72907F74-D23D-4168-BB7C-D5DB2432C44D0A56AAA5-E27F-4958-B7DF-161B5216EAF2Three varieties of asparagus freshly picked from the vegetable patch….what to do with them….lots of things but here is my quick preparation…


Break the stalk where it wants to break, of course wash them,  Peel the stalks if necessary. In a sauce pan, that will hold your bounty, melt a generous amount of butter when melted add asparagus, cover pan and vigorously shake until fork can easily pierce the stalks.  Obviously time varies with size of stalks. To finish sprinkle with sea salt and a generous grind of pepper.  Serve immediately or cool to room temperature.  Great as is or with a hollandaise.  Enjoy!EA38FA7C-2F3C-4856-94D9-AEBFEE99B278I’d buy this for the cover….lots of cookbooks on asparagus, if you do Kindle check Amazon Prime they have several that are free, at least when I Googled asparagus cookbooks.


1C911491-9A13-4097-8DCF-919DB9F20ED4I’ve shown you my needlepoint footstools in past posts, now let’s look at some of the pieces I have done in years gone by. I’m going to concentrate on the pillows I own (I have done a zillion more as gifts and commissions over the years) and I must admit I have an abundance of pillows….an obsession, probably!  I’ve mentioned I prefer to work from charts and I think all but one I’m featuring today, which is tramme, are from charts.  The piece above is a combination of several charts that I made into a charming “picture”..I love baskets, roses and bows….all work together here, the tassels were purchased, not hand fashioned and are silk, used to tie this small pillow to the back of a vintage chair. It along with a matching green vintage secretary were the first pieces I choose and purchased for my bedroom while in high school, needless to say, they have been with me forever.  The chair now resides in my “library”.  A good time to mention the May Randolph Street Market  is Saturday and Sunday, May 26 and 27 from 10 to 5.  It’s the first outside market of the season, and the classic Plumbers Hall continues to have three floors of treasures year round.  I’ve found patchwork quilts, remnants of textiles and lots of needlework there over the years.  If you look you will definitely find a textile that will interest you or a treasure or two or three or………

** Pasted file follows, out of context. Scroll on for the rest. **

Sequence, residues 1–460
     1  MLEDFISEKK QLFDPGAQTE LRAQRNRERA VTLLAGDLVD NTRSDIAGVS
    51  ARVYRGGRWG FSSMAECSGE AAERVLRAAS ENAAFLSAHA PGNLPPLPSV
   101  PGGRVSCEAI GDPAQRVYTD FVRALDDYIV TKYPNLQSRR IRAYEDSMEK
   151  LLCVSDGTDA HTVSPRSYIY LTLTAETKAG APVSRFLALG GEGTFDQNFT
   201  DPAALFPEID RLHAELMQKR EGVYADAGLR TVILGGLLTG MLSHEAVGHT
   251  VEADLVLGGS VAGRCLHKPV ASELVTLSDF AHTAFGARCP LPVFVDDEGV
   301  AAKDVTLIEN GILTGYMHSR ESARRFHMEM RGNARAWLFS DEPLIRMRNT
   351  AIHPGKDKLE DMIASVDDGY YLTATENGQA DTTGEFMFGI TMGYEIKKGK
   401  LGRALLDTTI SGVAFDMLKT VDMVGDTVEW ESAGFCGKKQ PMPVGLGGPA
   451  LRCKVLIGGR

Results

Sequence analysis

FDC07921-2B0C-440F-A465-5B384EAC1322A close up of the basket (needs a good steaming…sorry!)

i started doing needlepoint while commuting from Evanston to Chicago for the first 12 years of working…I’ve sewn since I was very young with my Mother who was a superb seamstress, she particularly loved doing French smocking, Battenberg lace and both silk and wool embroidery embellishments on my clothes and my dolls clothes.  When I was old enough she gave me a beautiful sterling silver and cloisonné thimble (where is it?????).  Much to her chagrin, I couldn’t use it, I can’t stand hearing and feeling the metal needle on the metal thimble, pity!!!  We made our drapery, slipcover furnpniture as well as doing upholstery, bed spreads, you name it we sewed it!!!!  Mom finished all my needlework pieces, did most of the tassels, I did some, and silk ones were purchased.  She was so good at it she started doing friends pieces and from word of mouth it turned into a small business for her, it was called “The Little Pillowmaker”. But is was more than pillows she finished most of my other work and the work of others…glasscases, belts, rugs, Christmas stockings, etc. complicated pieces such as golf club covers, slippers, etc. we took to our local needlepoint shop